Don't worry, I'm not going to be discussing the relative merits of these two vaguely disgusting, overly salty spreads. I've cunningly used Marmite and Kalles caviar to symbolise my two home countries, but I do think the fact that Brits learn to love a tar-like yeast extract spread on their toast and Swedes a fishy goo in a toothpaste tube says a great deal about how liking certain foods has a lot more to do with nostalgia than taste.
Anyway, having two home countries - and a metaphorical foot in each - is something I've been thinking about a lot recently. I remember waking up on Midsummer's Eve three years ago to the news that Britain had voted to leave the EU and, on that most Swedish of days, I suddenly felt lost and unsure about where I (and my family) belonged.
Prior to that it had been easy to fool ourselves that we were citizens of Europe, and of the world, breezily gliding between Sweden and Britain, and any other European country we cared to visit, study or live in. But dancing around the maypole to Små grodorna, with the possibility that we might now be forced to leave my chosen country, I felt out place and slightly scared.
The best of both worlds
Was Sweden our home? Would we be allowed to stay? And, if so, did that mean we couldn't be British too? (Almost certainly, if the Swedish Democrats - who want to ban dual nationality - have their way). What exactly is it that makes someone British, or Swedish, anyway? Apart from strong views about Marmite.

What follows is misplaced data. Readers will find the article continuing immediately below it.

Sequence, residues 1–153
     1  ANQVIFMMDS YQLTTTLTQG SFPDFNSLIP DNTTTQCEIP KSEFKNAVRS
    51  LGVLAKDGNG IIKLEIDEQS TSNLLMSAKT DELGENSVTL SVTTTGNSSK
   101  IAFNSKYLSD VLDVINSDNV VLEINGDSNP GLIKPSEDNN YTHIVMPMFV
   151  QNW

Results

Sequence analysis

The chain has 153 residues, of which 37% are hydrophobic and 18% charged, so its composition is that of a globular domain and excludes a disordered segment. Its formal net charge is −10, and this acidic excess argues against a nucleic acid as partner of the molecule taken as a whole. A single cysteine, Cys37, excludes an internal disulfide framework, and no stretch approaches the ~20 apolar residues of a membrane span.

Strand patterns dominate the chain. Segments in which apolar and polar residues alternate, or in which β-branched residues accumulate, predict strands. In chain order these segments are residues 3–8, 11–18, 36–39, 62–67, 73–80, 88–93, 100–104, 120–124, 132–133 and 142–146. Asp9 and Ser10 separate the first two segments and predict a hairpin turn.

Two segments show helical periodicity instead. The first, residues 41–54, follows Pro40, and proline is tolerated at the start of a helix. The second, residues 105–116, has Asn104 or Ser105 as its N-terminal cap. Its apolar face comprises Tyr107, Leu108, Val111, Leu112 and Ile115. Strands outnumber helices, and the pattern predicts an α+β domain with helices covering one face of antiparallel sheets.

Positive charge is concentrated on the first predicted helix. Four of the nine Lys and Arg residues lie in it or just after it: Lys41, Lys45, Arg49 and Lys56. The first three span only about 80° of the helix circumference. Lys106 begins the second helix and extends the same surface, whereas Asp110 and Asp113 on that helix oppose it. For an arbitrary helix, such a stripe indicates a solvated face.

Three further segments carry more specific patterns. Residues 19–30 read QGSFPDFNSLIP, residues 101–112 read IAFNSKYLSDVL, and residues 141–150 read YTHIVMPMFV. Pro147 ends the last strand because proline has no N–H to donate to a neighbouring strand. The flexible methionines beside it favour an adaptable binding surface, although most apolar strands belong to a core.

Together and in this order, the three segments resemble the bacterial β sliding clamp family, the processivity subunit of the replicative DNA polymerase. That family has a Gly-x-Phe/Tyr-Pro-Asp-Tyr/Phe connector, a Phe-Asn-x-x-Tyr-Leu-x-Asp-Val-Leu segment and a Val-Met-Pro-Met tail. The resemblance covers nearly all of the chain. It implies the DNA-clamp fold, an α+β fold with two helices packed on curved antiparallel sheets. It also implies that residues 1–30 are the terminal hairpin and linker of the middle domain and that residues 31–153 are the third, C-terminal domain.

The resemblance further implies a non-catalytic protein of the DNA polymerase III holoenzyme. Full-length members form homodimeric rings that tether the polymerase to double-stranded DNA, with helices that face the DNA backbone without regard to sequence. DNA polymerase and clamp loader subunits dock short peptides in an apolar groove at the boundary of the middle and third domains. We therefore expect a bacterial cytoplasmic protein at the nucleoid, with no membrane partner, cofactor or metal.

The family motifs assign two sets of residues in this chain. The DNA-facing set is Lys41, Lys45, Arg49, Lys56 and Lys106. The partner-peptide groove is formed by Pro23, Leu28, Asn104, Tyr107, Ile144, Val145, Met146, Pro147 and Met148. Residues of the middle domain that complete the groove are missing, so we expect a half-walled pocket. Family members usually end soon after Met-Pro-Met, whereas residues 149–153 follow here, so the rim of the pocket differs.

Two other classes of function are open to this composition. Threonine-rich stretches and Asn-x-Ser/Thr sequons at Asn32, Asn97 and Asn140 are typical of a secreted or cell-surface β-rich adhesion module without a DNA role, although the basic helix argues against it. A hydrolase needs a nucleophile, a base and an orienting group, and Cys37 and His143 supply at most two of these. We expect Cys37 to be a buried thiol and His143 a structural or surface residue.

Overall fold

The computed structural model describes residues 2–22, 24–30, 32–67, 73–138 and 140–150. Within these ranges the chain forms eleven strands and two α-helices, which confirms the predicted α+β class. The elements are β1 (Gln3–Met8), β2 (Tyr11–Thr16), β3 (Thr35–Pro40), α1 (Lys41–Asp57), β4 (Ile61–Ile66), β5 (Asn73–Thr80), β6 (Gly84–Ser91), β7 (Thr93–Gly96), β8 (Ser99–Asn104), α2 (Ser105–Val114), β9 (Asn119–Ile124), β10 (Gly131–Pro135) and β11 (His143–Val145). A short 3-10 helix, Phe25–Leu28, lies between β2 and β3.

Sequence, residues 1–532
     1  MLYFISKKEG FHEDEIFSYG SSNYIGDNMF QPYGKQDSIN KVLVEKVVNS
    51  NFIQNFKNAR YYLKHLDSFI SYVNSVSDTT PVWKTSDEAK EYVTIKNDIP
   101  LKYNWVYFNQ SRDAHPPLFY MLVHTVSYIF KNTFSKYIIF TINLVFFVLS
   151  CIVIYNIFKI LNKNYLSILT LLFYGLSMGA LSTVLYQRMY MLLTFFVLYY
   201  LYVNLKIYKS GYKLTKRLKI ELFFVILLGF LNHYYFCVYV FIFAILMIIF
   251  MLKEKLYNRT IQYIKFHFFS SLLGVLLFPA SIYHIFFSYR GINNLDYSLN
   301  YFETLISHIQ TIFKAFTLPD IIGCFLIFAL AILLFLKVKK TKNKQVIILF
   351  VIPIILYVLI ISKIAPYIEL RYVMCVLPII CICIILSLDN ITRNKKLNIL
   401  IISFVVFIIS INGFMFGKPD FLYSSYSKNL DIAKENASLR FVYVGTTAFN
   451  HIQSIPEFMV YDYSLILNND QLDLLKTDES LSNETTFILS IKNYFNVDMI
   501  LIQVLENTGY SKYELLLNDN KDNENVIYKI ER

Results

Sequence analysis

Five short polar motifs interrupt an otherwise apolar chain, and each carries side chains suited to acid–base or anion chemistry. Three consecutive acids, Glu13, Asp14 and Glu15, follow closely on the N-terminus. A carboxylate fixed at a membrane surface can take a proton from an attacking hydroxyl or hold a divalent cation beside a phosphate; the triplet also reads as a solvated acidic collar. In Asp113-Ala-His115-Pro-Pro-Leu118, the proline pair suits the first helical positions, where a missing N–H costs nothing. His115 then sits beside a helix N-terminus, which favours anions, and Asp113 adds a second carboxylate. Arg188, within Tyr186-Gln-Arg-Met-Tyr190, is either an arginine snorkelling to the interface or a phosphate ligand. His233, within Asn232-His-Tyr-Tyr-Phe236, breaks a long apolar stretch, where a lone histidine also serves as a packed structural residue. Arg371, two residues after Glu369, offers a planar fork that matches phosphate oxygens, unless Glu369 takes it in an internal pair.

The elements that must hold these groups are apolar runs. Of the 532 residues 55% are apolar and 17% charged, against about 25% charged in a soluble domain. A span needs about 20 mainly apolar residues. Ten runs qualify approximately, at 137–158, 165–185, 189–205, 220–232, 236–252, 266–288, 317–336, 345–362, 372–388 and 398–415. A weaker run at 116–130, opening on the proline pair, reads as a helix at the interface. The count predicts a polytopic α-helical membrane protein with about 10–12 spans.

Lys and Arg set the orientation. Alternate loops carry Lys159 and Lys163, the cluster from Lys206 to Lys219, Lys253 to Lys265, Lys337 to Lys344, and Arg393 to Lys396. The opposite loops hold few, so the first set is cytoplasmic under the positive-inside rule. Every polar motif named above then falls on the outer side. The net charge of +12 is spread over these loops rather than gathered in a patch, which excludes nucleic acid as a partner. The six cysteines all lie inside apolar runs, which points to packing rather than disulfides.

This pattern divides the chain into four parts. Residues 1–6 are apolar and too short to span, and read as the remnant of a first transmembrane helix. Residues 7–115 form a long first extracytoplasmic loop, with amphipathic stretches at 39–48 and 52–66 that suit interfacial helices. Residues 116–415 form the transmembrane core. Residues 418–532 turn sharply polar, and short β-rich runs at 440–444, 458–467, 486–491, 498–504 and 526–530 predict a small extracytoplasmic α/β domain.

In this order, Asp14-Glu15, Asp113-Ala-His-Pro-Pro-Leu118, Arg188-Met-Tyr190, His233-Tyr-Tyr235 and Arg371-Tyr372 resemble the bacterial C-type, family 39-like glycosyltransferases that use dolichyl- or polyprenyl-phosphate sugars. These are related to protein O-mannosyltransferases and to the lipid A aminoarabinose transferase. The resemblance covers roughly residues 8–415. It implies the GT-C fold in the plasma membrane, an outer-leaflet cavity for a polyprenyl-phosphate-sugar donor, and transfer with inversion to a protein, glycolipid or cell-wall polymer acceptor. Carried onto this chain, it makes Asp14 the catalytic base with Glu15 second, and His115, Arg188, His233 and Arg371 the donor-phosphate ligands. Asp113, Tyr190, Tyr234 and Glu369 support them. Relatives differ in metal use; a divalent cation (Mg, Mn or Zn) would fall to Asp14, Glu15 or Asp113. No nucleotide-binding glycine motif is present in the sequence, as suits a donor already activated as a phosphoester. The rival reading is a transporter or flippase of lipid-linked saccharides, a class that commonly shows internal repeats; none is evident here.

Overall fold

Like most Brits living in Sweden we applied for Swedish citizenship almost immediately and, like around 2000 others, we're still waiting to hear if it'll be granted. The massive shit show that is Brexit is still a huge unknown so we find ourselves in limbo. Obviously not the kind of terrifying limbo that stateless people and refugees find themselves in but still a strange, slightly uncomfortable place to be.
Added to that, ever-increasing climate panic and flygskam (shame of flying) is making it feel like it might be time to pick just one country and stick with it. But which one? How to choose between warm dampness and cold beauty, cosy pubs and a superior design aesthetic, familiarity and freedom to roam, old friends and new, Marmite and Kalles caviar? (actually that one's a no-brainer).
Time will tell what Brexit brings and where our roots and hearts (or ruthless politicians) eventually take us but, for now, no one's kicking us out and we're free to ski in our kilts, speak Swenglish, spread Marmite on our knäckebröd and embrace the cultural mishmash of having a foot in both Sweden and Britain.